Also, the 4506-T only requires that the person requesting the transcript be the *taxpayer* in question, not that they be the person that filed the tax return (i.e. the fraudster). The IRS would only prevent you from obtaining your own tax return if you mistakenly identify yourself as a third party. So don’t do that.

  13. awesome article. should of put “Remember, it doesn’t matter whether or not the IRS owes you money: Thieves can still try to impersonate you and claim that they do, leaving you to sort out the mess with the IRS later. ” in bold, alot of people don’t get that.

  14. I filed IRS form 14039 and got back a letter saying they’ve flagged my account as being one who was subject to identity theft (OPM breach), but that I still needed to go online to request a PIN…and the site is unavailable until mid-January, and I needed to unfreeze Experian. Geeze, IRS, not helpful at all. Why didn’t you just send me the PIN like I had requested by filing the form? And now I have to unfreeze Experian just to request the PIN? What was the point of sending the IRS form and a copy of my Passport to Andover, ME then? GRRRR……

  15. Here is another interesting nugget: https://www.wyden.senate.gov/download/?id=6c9cd25c-28d1-4cda-9199-04a15c0b5d33&download=1

    IRS use of cell-site simulation technology is limited to the federal law enforcement arm of the IRS, our Criminal Investigation (IRS-CI) division. Only trained law enforcement agents have used cell-site simulation technology, carrying out criminal investigations in accordance with all appropriate federal and state judicial procedures.

    IRS-CI possesses one cell-site simulator, procured in October of 2011. IRS-CI first deployed the cell-site simulator in early 2012. In July 2015, IRS-CI began the process of procuring an additional cell-site simulator, but as of this date, it has not been received.

    IRS-CI used the simulator in support of eleven federal grand jury investigations – in particular, Stolen Idenficiation Refund Fraud and money laundering investigations – led by the US Attorney’s Office (USAO), which provided oversight and guidance in obtaining appropriate authorization, such as court orders and/or tracking warrants. IRS-CI tracked 37 cellular devices as part of these investigations.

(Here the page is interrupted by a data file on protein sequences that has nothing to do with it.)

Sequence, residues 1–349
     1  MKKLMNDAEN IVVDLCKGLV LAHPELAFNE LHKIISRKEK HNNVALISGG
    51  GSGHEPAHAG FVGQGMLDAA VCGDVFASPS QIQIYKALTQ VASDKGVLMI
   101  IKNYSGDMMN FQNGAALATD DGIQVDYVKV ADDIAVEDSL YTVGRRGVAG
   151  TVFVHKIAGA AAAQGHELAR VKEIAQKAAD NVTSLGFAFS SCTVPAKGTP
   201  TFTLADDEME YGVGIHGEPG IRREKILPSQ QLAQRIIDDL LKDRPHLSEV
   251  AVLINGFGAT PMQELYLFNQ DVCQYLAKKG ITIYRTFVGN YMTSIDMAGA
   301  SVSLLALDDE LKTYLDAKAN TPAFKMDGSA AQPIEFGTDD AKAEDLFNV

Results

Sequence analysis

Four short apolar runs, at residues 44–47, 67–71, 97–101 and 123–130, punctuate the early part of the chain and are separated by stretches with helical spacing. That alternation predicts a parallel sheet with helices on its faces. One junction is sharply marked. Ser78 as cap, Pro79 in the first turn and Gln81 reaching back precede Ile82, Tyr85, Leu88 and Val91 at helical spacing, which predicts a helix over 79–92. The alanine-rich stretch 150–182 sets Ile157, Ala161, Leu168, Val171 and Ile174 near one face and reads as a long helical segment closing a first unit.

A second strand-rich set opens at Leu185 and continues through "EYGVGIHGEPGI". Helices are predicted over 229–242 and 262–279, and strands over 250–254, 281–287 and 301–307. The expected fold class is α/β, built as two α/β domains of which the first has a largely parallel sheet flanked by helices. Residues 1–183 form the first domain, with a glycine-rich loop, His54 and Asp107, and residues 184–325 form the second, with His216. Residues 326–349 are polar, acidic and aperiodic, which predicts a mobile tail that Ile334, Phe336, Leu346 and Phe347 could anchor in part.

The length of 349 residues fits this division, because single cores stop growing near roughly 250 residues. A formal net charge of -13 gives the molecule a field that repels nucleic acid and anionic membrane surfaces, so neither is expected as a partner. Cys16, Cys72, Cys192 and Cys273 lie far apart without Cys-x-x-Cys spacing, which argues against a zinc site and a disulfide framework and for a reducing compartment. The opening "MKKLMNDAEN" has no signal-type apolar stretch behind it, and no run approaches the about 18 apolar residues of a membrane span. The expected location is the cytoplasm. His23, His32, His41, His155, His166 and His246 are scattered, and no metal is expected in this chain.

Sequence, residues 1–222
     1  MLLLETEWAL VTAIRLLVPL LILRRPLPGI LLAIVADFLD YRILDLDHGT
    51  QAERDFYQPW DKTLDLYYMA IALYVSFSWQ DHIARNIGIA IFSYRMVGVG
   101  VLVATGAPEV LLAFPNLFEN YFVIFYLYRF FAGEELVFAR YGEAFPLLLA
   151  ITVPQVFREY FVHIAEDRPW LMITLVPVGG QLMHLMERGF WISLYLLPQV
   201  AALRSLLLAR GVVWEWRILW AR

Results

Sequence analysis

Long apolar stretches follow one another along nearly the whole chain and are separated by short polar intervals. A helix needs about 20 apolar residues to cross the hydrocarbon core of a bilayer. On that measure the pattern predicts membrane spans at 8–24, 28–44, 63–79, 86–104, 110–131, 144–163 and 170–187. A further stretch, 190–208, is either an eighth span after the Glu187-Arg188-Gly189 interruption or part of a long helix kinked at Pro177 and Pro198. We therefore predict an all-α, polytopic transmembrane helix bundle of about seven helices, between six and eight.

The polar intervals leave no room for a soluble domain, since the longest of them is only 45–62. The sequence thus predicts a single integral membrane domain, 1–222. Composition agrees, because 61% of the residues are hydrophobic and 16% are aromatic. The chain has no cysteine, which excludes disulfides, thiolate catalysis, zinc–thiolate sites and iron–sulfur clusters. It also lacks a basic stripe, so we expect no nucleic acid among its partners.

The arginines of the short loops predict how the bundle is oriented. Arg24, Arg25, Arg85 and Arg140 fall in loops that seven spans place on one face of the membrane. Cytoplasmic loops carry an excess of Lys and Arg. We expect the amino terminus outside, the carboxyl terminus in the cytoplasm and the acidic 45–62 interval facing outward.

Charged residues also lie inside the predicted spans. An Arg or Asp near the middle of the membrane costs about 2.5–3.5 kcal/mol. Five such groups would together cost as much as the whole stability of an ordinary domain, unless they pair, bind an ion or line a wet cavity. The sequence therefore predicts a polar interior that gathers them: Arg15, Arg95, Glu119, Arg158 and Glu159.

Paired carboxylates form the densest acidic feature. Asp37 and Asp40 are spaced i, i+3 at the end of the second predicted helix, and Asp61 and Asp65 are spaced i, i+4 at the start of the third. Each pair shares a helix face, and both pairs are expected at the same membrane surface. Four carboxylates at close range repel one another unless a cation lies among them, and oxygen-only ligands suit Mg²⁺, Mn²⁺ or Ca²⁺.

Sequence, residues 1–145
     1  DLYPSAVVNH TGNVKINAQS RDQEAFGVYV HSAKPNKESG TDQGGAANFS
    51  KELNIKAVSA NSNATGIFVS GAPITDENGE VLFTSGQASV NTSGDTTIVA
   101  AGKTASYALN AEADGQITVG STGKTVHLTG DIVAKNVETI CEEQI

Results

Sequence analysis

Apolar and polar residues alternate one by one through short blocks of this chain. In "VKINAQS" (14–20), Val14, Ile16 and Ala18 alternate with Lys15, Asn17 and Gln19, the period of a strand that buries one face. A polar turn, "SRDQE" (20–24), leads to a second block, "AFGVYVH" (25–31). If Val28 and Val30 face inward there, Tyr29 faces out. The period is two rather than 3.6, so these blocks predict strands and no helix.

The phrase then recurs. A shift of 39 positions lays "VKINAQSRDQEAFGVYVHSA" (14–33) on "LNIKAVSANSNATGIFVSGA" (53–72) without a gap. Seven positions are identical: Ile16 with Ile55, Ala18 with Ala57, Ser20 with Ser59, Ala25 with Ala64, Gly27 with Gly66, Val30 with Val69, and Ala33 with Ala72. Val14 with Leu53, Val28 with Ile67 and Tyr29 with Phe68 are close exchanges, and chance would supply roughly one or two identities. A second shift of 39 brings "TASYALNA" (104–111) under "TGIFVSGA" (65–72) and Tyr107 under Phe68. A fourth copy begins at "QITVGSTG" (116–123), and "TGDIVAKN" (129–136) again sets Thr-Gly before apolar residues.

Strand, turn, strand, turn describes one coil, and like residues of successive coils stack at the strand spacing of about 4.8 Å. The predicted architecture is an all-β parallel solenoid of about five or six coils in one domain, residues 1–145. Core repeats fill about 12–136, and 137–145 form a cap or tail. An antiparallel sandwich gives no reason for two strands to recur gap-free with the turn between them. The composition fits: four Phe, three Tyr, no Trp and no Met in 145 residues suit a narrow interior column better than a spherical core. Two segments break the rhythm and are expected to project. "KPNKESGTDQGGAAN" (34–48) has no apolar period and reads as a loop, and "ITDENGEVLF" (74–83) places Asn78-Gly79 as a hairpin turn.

• “IRS-CI tracked 37 cellular devices as part of these investigations.”… that they have admitted to. But everyone within range of these cell-site-simulators had their calls disrupted when it forced a connection to their phones as well, and we will never know how many of those were emergency calls. Is anyone over there capable of thoughtful and proportionate use of technology, or that just too much to ask?

      • What I have wondered is how calls placed via these cellsite simulators appear in phone company records. In the event of an unconnected criminal case where cell records are pulled for another phone, I wonder if it causes an incorrect location to be indicated or implied. This could lead to incorrectly convicting or clearing someone of a crime.

  16. I got a form in the mail from the IRS yesterday asking me to confirm my address.

    That’s all it asked, if yes check a box and sign, if no check a box and fill out the correct address.

    It seems strange that after 40 years of filing taxes, 20 years at this address, that the IRS would not know my address. After reading this thread it has made me wonder if someone filled out a return in my name using a different address.

    Should I check, and if so how?

  17. I too would like to know if one should request a pin if a person’s taxes are filed by a CPA.

  18. From personal experience, the “knowledge-based authentication” you mention may used flawed data or ask for information you are not likely to have. I was once asked which state I had lived in a particular year, but I had lived in three, two of which were on the multiple-choice response. I also was asked the model year of a car I had owned before another car (I assume from registration numbers), but that was back in the 1980s or 1990s when we owned a series of used cars and I had no records. More than a minimum number of errors can block you from setting up online accounts.